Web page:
9. According to the uncontested facts set out in the Pre-Trial Order, claimant returned to work at Buttrey on approximately November 8, 1994.

         10. Lumbermens paid claimant temporary total disability benefits from July 21, through November 7, 1994. It terminated benefits effective November 8th on account of her return to work.

         11. On November 17, 1994, claimant returned to Dr. Iverson complaining of pain in her mid and low back with occasional radiation into her left buttock region. She informed him that she had been working in a modified-duty capacity but had to stop working that day because of pain. Dr. Iverson concluded that an MRI was appropriate to rule out any significant pathology and took "her off work for the next few days in order to try and calm her symptoms somewhat." (Ex. 2 at 7.) His work release stated, "Off work until seen on 11/23/94." (Id. at 6.)

         12. An MRI was done on November 21, 1994. The radiologist read the MRI as indicating "mild to moderate osteoarthritis of the facets, most specifically at the L3-4, L4-5, and L5-S1 levels." (Ex. 4 at 9; all caps in original.)

         13. Dr. Iverson reexamined claimant on November 23, 1994. Claimant was still complaining of persistent low-back pain. Commenting on the MRI, he noted the degenerative changes in the lumbar region but without evidence of any definite disk pathology. (Ex. 2 at 8.)

         14. Dr. Iverson's office note of November 23, 1994, reflects a difference in claimant's and the doctor's views of claimant's condition. Claimant insisted she could not return to work because Buttrey would not honor a 20-pound weight restriction and insisted that something more was wrong with her than a strain of her muscles and ligaments. Dr. Iverson felt she could return to work despite her protestations:

I do feel that she can do modified work. The patient is not willing to accept this recommendation and wishes to have another opinion which I feel is appropriate.

(Id.) He expressly "released [her] back to modified work effective 11-28-94" and thereafter referred her back to Dr. Weinert. (Id.)

         15. On November 28, 1994, claimant returned to work. She testified that she was unable to do the job and worked only a couple of days. The uncontested facts set forth in the Pre-Trial Order indicate that she worked from November 28, through December 9, 1994, and did not return to work thereafter.

         16. Lumbermens reinstated her temporary total benefits effective November 17, 1994, following claimant's unsuccessful first return to work. After she returned to work the second time, it once more discontinued temporary total disability benefits as of December 12, 1994. (Pre-Trial Order at 2.) However, according to representations of counsel at the time of trial, Lumbermens has continued to pay claimant biweekly permanent partial disability benefits. Her permanent partial rate is the same as her total rate.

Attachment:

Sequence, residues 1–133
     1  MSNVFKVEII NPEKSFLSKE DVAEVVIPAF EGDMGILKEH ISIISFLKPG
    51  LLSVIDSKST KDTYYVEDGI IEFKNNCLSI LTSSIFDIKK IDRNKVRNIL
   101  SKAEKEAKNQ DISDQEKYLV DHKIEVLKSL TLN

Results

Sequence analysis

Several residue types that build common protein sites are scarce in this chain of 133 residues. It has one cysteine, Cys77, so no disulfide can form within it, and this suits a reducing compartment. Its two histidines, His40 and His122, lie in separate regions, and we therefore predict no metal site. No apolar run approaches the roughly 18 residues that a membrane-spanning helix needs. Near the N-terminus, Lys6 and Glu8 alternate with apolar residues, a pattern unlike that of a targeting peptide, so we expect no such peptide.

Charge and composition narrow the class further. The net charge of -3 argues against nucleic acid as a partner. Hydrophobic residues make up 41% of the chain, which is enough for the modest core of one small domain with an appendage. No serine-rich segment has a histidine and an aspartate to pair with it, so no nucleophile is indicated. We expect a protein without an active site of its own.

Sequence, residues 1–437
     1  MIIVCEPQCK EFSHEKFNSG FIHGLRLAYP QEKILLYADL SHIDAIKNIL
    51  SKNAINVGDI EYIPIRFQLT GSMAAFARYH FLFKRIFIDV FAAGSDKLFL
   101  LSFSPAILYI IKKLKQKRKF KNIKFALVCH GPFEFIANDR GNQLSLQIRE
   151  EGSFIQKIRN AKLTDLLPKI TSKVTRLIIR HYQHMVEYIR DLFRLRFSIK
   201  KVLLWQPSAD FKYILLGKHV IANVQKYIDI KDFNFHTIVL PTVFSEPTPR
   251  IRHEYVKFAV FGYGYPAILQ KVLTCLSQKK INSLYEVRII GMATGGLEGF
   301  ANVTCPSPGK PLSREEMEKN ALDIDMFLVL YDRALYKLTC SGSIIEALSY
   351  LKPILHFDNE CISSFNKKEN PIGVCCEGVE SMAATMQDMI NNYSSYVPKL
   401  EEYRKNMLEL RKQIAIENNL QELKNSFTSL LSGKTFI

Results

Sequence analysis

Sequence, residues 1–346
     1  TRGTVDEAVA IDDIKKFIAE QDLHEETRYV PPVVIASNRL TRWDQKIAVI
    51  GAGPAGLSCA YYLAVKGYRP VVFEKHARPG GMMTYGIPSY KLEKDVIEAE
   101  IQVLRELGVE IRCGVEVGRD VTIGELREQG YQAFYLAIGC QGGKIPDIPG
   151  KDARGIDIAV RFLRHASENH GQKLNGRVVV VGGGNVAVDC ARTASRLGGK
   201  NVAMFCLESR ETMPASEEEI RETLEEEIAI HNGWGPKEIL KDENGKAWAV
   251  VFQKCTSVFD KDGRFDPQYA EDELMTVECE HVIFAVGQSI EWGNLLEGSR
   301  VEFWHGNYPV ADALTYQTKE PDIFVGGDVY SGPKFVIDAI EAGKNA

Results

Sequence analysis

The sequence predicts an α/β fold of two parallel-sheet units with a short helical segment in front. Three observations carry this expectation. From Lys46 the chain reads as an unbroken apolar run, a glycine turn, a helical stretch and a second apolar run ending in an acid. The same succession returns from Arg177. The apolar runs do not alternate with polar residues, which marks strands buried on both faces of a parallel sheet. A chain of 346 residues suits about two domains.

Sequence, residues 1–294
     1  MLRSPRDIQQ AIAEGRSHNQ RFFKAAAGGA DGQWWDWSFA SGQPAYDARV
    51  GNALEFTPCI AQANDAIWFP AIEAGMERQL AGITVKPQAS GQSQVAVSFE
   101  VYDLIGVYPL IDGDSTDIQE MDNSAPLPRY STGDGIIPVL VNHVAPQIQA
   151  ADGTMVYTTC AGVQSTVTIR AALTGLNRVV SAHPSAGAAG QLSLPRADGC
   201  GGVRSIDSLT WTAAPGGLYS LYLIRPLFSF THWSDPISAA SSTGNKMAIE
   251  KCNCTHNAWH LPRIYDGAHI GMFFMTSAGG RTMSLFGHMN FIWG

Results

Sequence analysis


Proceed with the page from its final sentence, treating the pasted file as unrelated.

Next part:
17. According to its counsel, Lumbermens had intended to call its Buttrey's manager to testify concerning the modified job which claimant performed upon her return to work and her ability to perform that job. According to Lumbermens' counsel, the insurer's case was that claimant "terminated herself." However, the manager left Buttrey's employ, is moving to Alaska, and was not available to testify. Claimant's testimony that she left work because the accommodations of the modified job were insufficient and she could not perform the modified position was therefore unrefuted. Moreover, a later vocational rehabilitation report, commissioned by Lumbermens, confirmed claimant's assertion. The vocational consultant preparing the report explored the possibility of a modified or alternative position at Buttrey and concluded, "No modified/alternative position could be identified at Buttrey's Food & Drug." (Ex. 6 at 7.)

         18. At the end of December 1994, Dr. Weinert became claimant's treating physician. He saw her on December 27, 1994, at which time she was complaining of continued back pain and numbness in her right hand. He scheduled a bone scan to rule out any structural abnormality of the spine and an EMG of her right arm. (Ex. 1 at 6.) With regard to her ability to work, he commented:

I discussed with Shirley that is doubtful that we will be able to eliminate her pain, but rather the goal of work hardening would be to rehabilitate her to a point where functionally she is able to do more and return her to work at a safe functional level.

(Id.) Thus, as of December 27, 1994, Dr. Weinert was contemplating work hardening, rather than any immediate return to work, as the next step in her care.

         19. An EMG on January 4, 1995, indicated "mild to moderate right median neuropathy at the wrist (carpal tunnel syndrome)." (Ex. 1 at 9.) Dr. Weinert wrote to Dr. Iverson that day to advise him that claimant "may require right carpal tunnel release." (Id. at 7.)

         20. On January 4, 1995, Dr. Weinert prescribed three weeks of limited physical therapy for ...